Previously unseen Prince Philip photos show his early sailing prowess

  • Oops!
    Something went wrong.
    Please try again later.
Jack Hardy
·3 min read
  • Oops!
    Something went wrong.
    Please try again later.
The black-and-white images have finally come to light - Major B Varvill R.A.M.C
The black-and-white images have finally come to light - Major B Varvill R.A.M.C

The Duke of Edinburgh’s early nautical prowess was captured in photographs from his school days that have never previously been seen.

Taken in 1937, Prince Philip is seen sitting confidently at the helm of Diligent, one of the sailing boats belonging to the boarding school in Scotland where he was educated, Gordonstoun.

The teenage Duke was also pictured in a pose that belied the splendour of the years ahead, as he washed up dishes onboard the boat while grinning at the camera.

The black-and-white images have finally come to light after the great-nephew of the former student who took them made contact with the school following the Duke’s passing.

Diligent was Gordonstoun’s first offshore vessel and had been bought by a member of staff, who was also a yachtsman, in June 1936, according to the school.

The 14-ton trading ketch was first used by the school, in Moray, north east Scotland, for a cruise to Fair Isle and the Shetlands the following month and soon began to be used regularly by pupils during term time.

Prince Philip had a lifelong love for sailing - Major B Varvill R.A.M.C
Prince Philip had a lifelong love for sailing - Major B Varvill R.A.M.C

The school had been established two years earlier by Kurt Hahn, who acted as both the Duke’s headmaster and a mentor to him through his troubled early life.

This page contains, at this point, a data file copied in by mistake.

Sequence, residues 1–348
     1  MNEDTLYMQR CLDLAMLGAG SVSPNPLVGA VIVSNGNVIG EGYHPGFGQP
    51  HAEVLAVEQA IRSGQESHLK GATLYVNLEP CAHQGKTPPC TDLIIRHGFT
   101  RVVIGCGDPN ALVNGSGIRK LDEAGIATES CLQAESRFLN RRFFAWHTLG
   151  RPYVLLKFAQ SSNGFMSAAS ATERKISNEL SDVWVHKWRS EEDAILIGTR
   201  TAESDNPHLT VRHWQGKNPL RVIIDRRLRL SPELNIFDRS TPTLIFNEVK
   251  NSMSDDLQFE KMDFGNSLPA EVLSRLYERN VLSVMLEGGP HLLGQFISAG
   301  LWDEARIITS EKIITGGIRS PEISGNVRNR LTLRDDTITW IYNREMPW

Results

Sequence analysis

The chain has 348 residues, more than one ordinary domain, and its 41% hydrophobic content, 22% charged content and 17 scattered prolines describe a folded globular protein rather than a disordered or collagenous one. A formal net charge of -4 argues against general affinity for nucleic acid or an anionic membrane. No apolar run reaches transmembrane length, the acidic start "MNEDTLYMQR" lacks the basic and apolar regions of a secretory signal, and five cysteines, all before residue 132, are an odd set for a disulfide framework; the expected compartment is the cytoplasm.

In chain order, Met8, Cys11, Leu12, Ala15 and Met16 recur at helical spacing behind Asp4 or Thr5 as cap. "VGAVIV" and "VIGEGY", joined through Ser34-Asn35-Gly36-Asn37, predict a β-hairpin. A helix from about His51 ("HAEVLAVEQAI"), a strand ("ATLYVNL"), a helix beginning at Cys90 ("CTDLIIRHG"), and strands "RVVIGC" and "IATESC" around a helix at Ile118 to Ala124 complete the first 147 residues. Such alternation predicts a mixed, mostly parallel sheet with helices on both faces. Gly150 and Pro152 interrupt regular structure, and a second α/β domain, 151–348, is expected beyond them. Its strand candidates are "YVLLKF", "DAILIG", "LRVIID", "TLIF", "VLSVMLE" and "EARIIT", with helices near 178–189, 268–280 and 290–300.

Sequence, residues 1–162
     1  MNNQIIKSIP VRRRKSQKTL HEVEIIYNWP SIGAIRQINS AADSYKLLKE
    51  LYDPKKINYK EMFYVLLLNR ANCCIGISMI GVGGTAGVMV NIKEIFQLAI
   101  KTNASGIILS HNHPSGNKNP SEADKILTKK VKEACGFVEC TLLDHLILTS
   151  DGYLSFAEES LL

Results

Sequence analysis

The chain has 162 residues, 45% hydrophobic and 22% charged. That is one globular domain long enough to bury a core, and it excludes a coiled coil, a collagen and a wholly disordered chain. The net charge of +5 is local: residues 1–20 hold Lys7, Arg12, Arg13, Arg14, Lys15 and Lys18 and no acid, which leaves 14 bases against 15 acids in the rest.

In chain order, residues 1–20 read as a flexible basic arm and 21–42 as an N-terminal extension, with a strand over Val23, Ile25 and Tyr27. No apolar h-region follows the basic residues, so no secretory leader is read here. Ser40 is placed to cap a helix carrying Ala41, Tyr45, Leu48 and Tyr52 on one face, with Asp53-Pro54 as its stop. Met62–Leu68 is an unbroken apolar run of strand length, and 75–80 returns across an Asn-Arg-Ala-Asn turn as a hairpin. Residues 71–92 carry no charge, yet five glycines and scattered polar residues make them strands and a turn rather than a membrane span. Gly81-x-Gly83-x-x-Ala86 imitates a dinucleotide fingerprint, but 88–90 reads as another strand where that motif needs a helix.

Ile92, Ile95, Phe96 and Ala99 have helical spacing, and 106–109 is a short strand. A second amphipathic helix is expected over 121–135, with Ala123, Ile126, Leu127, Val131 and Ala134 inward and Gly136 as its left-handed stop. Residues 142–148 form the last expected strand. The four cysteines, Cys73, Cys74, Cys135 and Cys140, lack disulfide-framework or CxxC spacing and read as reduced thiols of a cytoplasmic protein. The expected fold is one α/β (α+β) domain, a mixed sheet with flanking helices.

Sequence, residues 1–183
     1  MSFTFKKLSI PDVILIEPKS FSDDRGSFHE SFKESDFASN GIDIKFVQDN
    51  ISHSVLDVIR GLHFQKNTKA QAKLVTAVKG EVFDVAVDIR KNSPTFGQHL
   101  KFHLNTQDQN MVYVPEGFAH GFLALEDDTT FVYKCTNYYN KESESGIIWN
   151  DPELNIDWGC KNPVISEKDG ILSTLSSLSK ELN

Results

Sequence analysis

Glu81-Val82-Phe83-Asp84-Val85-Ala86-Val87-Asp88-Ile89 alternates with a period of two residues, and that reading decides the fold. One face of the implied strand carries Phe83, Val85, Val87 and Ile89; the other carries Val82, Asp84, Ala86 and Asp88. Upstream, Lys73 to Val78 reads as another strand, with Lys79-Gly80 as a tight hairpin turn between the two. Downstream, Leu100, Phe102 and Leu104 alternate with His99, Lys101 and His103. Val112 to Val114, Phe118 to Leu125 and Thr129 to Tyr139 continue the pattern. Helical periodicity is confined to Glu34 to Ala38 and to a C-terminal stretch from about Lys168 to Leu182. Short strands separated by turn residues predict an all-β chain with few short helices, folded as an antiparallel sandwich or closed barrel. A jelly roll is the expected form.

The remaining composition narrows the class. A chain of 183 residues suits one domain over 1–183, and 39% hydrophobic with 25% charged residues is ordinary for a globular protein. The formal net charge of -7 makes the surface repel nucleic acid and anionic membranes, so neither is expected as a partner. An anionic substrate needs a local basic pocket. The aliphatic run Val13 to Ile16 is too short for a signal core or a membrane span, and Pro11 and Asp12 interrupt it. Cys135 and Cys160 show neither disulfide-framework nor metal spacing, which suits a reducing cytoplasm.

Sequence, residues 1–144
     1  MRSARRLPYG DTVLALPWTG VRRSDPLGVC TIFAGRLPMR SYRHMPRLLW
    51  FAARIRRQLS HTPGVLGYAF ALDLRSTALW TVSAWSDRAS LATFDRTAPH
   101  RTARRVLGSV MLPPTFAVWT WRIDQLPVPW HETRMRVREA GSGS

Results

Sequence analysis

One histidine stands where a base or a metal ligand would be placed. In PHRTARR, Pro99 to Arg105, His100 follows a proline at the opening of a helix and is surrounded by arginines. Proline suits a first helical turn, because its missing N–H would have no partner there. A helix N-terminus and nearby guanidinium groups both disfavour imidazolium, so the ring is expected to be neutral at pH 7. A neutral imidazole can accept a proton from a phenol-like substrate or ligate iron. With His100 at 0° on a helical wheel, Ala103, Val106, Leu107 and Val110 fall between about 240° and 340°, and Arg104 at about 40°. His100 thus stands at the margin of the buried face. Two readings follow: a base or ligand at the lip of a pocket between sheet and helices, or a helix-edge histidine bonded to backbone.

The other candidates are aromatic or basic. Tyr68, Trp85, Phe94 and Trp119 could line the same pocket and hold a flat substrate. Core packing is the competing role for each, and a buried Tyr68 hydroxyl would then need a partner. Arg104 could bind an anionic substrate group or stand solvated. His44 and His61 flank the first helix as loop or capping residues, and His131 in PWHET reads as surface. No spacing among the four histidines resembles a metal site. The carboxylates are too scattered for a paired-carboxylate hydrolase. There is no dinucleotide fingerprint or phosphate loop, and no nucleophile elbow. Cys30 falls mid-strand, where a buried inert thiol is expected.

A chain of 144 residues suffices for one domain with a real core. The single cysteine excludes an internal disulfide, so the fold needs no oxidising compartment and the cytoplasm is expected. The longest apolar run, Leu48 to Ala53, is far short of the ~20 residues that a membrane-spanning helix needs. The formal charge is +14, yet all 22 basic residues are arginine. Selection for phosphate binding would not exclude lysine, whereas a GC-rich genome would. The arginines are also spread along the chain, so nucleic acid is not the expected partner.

Dr Hahn had previously taught Philip at the Salem school in Germany until he was forced to flee Nazi persecution.

Upon rejoining Dr Hahn in Scotland, the Duke was said to have become a popular if “academically undedicated” student.

He did, however, excel at sport and it was during his time at Gordonstoun that he discovered his love for sailing.

The Duke would become a cadet at the Royal Naval College in Dartmouth after leaving Gordonstoun in 1939, the first step in what would become a distinguished military career.

Prince Philip's funeral and military procession in pictures
Prince Philip's funeral and military procession in pictures

His love for sailing would continue into royal life, leading him to buy a 19-metre racing yacht, Bloodhound, in 1962. It was used to teach the young royals to sail on family holidays.

On Friday, students from Gordonstoun took part in an early morning run to commemorate the Duke, who himself would have had to endure morning runs as part of the school’s curriculum.

More than 100 students and staff undertook the two-mile route from Gordonstoun House to the nearby Coastguard watchtower, a building which replaced a wooden hut the Duke helped to build in 1935, the school said.

The Duke was a member of the ‘watchers’, a precursor to the Coastguard, during his time at the school and returned to open the new watch tower in 1955.

Prince Philip's funeral - April 17
Prince Philip's funeral - April 17

A further tribute will be paid to him on Saturday by the school’s young sailors. They are due aboard the school’s 80ft sail training boat, Ocean Spirit of Moray, to lay a wreath off the coast of Hopeman Harbour.

It was in this area that Philip first learned to sail, the school said.

A lone student piper will play on the shore during the tribute, while displaying the Duke’s coat of arms on a banner that was presented to the school’s pipe band by the Queen in 2019.